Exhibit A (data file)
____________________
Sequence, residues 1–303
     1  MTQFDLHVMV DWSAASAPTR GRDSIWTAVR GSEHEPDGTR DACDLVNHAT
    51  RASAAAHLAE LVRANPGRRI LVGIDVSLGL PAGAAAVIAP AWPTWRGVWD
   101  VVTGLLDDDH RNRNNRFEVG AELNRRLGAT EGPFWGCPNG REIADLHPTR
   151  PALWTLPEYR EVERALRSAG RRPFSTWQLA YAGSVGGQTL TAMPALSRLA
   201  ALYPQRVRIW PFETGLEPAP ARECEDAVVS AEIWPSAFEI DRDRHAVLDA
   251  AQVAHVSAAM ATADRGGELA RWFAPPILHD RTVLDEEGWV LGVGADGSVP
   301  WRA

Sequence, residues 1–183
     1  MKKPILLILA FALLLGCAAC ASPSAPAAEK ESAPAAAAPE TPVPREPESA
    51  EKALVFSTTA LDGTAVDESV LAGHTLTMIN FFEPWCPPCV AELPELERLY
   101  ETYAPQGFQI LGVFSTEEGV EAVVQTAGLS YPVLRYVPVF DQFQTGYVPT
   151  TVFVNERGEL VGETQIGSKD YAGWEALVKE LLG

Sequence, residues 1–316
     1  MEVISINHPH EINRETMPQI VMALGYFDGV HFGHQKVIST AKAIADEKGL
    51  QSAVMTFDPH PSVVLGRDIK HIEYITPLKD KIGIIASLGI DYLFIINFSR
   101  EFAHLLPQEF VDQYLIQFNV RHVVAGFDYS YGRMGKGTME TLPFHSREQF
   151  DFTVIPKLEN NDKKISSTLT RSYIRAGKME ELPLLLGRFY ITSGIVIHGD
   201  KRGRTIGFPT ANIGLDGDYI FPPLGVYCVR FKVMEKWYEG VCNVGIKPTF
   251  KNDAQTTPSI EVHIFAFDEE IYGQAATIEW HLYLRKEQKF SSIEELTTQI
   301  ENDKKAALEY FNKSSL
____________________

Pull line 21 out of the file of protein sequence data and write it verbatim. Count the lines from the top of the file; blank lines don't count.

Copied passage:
   301  ENDKKAALEY FNKSSL